• Damaged/Frostbitten Feet It can take up to six weeks to heal frostbitten feet, so you'll want to be able to keep the bird inside in a heated garage or (our favorite) spare bathroom. Depending on the severity of the frostbite, chickens may lose some toes or even an entire foot. Keep the chicken on a soft bedding, like a towel, that won't cling to his or her feet. If the feet turn completely black then there isn't much you can do except wait for the blackened areas to fall off. Often the chicken is able to survive this and continue on with life, though they will be crippled. If the feet only have partial frostbite, they may grow blisters. Do not pop the blisters no matter what! They will rupture on their own when the skin below is healed enough to be exposed. You can treat frostbite on feet by soaking them twice daily in warm water mixed with Epsom salt, grapefruit seed extract (a natural antibiotic), and hydrogen peroxide (will help to remove dead skin cells and keep bacteria out of healing feet). Don't let the chicken drink that water! Epsom salt in high doses can be very damaging. After a 20-minute soak, dry the feet and coat them with Neosporin or a similar product, then coat with Bag Balm to make a protective layer. Bag balm has menthol in it, which increases circulation and speeds healing. Finally, put loose bandages or an old pair of socks over the chicken's feet to protect them.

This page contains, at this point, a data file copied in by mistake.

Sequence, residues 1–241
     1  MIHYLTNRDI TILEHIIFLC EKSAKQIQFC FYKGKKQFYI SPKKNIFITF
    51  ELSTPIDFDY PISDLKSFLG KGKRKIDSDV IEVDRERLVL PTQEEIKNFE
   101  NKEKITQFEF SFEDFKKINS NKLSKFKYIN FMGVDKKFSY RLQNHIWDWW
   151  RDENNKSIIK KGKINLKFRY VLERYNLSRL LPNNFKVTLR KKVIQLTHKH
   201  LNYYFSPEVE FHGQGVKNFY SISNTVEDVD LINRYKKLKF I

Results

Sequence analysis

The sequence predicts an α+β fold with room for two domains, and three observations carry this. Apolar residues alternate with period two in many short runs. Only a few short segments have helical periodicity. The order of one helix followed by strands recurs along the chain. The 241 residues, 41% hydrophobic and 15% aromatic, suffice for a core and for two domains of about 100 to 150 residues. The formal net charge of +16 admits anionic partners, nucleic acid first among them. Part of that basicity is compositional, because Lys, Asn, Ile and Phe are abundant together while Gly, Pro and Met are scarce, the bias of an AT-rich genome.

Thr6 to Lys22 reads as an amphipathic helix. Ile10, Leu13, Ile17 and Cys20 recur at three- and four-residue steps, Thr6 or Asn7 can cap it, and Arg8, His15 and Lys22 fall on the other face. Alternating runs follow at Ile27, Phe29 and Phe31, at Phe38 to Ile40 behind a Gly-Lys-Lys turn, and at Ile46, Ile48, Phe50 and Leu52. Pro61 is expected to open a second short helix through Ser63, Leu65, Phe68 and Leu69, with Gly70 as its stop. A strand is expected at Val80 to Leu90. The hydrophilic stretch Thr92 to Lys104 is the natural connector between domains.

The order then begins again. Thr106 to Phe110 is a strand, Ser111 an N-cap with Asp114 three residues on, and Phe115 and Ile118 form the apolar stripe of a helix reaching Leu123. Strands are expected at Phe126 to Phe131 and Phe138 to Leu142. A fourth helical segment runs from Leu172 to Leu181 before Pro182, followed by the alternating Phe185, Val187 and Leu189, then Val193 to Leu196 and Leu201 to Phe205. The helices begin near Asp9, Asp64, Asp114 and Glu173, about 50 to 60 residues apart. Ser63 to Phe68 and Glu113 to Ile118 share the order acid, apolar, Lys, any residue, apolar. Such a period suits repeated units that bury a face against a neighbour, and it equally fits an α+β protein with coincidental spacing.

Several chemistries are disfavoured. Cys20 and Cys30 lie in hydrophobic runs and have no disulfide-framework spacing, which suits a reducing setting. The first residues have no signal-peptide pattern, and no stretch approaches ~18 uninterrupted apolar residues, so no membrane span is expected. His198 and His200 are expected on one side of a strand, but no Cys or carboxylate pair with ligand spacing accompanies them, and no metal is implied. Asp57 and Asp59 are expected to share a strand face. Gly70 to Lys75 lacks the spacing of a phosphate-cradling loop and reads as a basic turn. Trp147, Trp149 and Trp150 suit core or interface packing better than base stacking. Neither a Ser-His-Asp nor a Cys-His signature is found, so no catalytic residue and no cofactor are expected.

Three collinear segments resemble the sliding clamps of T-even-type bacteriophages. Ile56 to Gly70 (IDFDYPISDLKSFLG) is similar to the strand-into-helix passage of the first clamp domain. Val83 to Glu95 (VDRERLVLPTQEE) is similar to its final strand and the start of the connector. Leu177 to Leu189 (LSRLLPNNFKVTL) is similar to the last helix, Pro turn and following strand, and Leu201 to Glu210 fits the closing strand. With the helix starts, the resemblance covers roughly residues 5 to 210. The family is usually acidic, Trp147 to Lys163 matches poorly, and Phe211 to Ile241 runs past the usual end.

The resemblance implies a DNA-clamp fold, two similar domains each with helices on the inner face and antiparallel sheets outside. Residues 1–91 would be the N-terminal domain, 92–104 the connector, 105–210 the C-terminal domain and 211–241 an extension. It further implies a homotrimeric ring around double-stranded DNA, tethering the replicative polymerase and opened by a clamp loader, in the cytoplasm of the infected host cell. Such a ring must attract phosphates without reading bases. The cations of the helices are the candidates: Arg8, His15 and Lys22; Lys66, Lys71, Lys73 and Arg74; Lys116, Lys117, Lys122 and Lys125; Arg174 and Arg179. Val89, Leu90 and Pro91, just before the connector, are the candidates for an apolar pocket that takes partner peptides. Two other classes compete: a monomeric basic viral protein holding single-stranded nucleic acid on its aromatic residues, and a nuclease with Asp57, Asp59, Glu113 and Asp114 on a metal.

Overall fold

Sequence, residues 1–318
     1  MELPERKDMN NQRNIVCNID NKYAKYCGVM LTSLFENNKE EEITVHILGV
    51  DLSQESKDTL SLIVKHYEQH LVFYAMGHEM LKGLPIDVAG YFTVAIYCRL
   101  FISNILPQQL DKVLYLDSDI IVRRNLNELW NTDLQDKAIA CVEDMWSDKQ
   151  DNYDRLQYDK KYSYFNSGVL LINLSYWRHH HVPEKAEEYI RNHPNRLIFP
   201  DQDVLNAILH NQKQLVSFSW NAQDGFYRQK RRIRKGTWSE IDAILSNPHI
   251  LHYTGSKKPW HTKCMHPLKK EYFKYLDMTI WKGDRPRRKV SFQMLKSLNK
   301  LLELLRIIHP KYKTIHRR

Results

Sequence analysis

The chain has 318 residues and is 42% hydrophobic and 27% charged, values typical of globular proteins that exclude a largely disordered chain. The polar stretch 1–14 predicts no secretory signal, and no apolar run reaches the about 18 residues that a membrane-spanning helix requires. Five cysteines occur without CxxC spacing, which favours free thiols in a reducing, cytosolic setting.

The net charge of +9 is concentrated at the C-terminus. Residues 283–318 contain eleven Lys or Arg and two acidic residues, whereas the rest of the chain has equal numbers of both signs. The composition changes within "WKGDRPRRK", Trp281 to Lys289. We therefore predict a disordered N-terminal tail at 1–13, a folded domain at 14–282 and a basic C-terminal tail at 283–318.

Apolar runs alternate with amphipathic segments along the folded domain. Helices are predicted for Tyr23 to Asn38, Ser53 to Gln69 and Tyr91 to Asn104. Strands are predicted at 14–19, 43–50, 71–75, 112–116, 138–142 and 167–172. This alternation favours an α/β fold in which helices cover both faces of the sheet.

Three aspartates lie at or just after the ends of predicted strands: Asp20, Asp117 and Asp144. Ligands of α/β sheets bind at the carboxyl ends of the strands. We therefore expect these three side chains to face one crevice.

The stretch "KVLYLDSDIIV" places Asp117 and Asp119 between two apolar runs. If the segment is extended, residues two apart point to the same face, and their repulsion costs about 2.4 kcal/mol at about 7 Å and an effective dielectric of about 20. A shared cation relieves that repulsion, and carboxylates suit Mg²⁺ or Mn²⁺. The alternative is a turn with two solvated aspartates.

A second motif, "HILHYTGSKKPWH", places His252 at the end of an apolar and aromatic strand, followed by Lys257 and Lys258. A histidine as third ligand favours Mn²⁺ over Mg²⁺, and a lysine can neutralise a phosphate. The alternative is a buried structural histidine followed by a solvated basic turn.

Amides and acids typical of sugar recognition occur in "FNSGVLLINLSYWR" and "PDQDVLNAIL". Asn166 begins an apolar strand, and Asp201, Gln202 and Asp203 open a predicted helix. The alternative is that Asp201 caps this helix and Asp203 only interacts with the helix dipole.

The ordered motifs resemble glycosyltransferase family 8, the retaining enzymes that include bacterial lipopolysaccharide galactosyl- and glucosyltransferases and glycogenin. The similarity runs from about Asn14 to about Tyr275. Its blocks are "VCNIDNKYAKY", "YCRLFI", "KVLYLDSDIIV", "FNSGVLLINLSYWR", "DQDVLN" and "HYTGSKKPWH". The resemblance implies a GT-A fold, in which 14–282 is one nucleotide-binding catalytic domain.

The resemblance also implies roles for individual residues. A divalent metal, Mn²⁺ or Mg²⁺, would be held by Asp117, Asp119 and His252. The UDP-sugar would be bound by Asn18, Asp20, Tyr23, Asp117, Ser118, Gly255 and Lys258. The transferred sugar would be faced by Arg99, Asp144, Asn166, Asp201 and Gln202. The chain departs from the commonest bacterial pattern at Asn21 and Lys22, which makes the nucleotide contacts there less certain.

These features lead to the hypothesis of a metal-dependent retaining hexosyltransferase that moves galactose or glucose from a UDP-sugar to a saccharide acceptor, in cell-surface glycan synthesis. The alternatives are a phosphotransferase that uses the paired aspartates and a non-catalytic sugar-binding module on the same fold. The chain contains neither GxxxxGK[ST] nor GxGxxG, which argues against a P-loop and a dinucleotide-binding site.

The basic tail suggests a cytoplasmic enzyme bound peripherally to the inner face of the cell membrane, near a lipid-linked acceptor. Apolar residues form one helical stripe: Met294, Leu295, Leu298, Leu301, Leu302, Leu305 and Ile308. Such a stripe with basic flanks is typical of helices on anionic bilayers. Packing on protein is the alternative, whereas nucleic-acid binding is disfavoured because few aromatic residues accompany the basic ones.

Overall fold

NOTE: If your chicken's feet become infected to the point that the chicken is no longer eating and drinking normally then you can administer Penicillin G. This can be purchased at most feed stores, along with syringes and needles. Full sized large breed chickens should get 0.5 mg injected once a day in the drumstick area of the leg, into the muscle. Injecting a chicken can seem a bit intimidating at first, but if you hang the chicken upside down with the help of a partner, the bird will quickly go limp and you can inject the Penicillin without too much trauma. While your chicken is healing be sure to feed it plenty of high protein treats along with normal amounts of food and water to help its body recover. Chickens love scrambled eggs, oatmeal, fruit, and most table scraps aside from raw potatoes and salty foods.